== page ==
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Thanks for the write-up; you captured it well. Even though I use a surface pro, since running PhotoShop is important to me, I ended up reserving a Surfac2 for travel and casual use. That's how good a job he did LOL.
 

blehblehbleh

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Thanks for the tip. I plan on prioritizing m list of questions so that my biggest burning questions are addressed first. Again, hope there are a lot of no-shows, because my local Store isn't the largest one around, so trying to fit that many could be an issue.

If you would, please tell them to include back lighting in the power cover or perhaps why the decision to not upgrade the Pro 2's camera like they did with Surface 2.
 

SwimSwim

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If you would, please tell them to include back lighting in the power cover or perhaps why the decision to not upgrade the Pro 2's camera like they did with Surface 2.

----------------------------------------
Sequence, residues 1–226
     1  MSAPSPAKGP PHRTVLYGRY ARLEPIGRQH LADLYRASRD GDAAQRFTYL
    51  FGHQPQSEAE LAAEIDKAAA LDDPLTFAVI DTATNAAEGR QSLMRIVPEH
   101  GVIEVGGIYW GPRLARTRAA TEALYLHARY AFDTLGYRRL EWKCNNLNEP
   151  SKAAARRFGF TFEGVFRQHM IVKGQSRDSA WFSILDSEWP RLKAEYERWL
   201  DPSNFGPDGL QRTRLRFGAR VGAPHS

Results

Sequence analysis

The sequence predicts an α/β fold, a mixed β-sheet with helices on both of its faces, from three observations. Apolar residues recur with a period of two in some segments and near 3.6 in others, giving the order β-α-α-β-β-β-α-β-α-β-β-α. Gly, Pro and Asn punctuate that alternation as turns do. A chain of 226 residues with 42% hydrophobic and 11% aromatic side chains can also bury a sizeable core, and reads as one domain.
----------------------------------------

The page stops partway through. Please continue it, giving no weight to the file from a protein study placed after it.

I'll see what he has to say about the power cover, and the camera situation is one of my top concerns.

And it appears some of my questions are being answered already, such as the dancing ads.looks like I'm on track to having I'm all answered after all.

Thanks all.
 

Jazmac

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There is a Microsoft kiosk (soon to be a full out Microsoft store) here in Vegas and I had the chance to put hands on the Surface 2 and Surface 2 Pro. Pure lightning. If you think MS doesn't have great engineers, the Surface 2 and Pro will change your mind. The Surface 2 makes my RT look older than it really is. We have the Surface 2 Pro on order. A must have.
 

Christian Kallevig

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That's fantastic to hear. I can't wait to get my hands on mine in a few weeks. With the performance frustrations of the original gone I will be able to comfortably take it everywhere in place of my laptop.

I do wish it could run Java though as I really would like to play Minecraft on it. But that's not a huge deal